"And we will have a little cutting here. It will run from Uleaborg to Kem, and will connect the White Sea with the Gulf of Bothnia. We must not allow our sympathies to be insular, must we? Our little charities should be cosmopolitan. We will try and give the good people of Archangel a better outlet for their furs and their tallow."
"But it will freeze."
"For six months in the year. Still, it will be something. Then we must do something for the East. It would never do to overlook the East."
"It would certainly be an oversight," said Robert, who was keenly alive to the comical side of the question. Raffles Haw, however, in deadly earnest, sat scratching away at his map with his blue pencil.
"Here is a point where we might be of some little use. If we cut through from Batoum to the Kura River we might tap the trade of the Caspian, and open up communication with all the rivers which run into it. You notice that they include a considerable tract of country. Then, again, I think that we might venture upon a little cutting between Beirut, on the Mediterranean, and the upper waters of the Euphrates, which would lead us into the Persian Gulf. Those are one or two of the more obvious canals which might knit the human race into a closer whole."
"Your plans are certainly stupendous," said Robert, uncertain whether to laugh or to be awe-struck. "You will cease to be a man, and become one of the great forces of Nature, altering, moulding, and improving."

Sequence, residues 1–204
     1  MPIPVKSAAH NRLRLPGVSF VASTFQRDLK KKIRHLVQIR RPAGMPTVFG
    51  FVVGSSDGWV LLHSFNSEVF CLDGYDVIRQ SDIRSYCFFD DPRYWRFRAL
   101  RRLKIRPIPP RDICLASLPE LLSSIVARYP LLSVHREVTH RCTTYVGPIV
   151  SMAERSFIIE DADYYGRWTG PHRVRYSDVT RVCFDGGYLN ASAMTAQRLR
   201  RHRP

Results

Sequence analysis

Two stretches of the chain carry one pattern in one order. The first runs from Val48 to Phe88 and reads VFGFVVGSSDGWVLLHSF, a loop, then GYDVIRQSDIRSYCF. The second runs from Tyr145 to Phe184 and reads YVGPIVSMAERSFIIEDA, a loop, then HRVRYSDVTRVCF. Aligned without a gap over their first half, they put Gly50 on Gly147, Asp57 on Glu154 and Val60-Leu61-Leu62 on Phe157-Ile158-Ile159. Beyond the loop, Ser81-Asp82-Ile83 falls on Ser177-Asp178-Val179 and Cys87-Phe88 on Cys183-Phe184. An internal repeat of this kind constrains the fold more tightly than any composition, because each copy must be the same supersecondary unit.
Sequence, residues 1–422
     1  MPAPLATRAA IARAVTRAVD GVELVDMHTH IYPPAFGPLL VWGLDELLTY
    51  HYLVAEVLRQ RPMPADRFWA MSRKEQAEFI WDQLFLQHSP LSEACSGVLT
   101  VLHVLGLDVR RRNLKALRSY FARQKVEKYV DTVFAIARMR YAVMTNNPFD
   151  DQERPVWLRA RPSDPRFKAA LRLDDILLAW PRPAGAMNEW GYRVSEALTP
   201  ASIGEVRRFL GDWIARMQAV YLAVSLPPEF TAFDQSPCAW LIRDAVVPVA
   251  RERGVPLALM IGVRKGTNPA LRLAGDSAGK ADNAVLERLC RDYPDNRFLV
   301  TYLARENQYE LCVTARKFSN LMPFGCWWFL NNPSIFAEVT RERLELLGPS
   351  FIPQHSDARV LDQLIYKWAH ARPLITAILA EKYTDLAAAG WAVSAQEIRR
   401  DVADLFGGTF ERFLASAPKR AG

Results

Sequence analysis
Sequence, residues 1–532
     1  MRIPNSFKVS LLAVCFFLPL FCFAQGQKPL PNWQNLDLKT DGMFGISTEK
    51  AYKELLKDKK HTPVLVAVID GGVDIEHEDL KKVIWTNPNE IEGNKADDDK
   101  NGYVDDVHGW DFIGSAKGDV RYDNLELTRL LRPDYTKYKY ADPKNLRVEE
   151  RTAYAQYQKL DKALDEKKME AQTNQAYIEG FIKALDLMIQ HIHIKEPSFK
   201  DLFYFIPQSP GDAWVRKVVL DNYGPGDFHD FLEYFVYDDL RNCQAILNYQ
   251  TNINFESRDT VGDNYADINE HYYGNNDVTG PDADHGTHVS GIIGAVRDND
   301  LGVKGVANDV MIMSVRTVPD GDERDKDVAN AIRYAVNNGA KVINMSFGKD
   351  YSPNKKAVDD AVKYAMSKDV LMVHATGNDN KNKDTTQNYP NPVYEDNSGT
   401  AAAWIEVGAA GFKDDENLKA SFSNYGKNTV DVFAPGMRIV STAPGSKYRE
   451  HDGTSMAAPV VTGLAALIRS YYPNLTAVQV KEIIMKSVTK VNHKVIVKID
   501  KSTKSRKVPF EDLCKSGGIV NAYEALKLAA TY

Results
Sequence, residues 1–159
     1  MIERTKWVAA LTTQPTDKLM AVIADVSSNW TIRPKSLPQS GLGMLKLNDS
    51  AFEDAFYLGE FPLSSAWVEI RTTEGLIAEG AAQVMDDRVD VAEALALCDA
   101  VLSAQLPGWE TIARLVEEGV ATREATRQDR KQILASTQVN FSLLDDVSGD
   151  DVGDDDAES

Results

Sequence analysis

"That is precisely the view which I take of myself. That is why I feel my responsibility so acutely."
"But surely if you will do all this you may rest. It is a considerable programme."
"Not at all. I am a patriotic Briton, and I should like to do something to leave my name in the annals of my country. I should prefer, however, to do it after my own death, as anything in the shape of publicity and honour is very offensive to me. I have, therefore, put by eight hundred million in a place which shall be duly mentioned in my will, which I propose to devote to paying off the National Debt. I cannot see that any harm could arise from its extinction."
Robert sat staring, struck dumb by the audacity of the strange man's words.
"Then there is the heating of the soil. There is room for improvement there. You have no doubt read of the immense yields which have resulted in Jersey and elsewhere, from the running of hot-water pipes through the soil. The crops are trebled and quadrupled. I would propose to try the experiment upon a larger scale. We might possibly reserve the Isle of Man to serve as a pumping and heating station. The main pipes would run to England, Ireland, and Scotland, where they would subdivide rapidly until they formed a network two feet deep under the whole country. A pipe at distances of a yard would suffice for every purpose."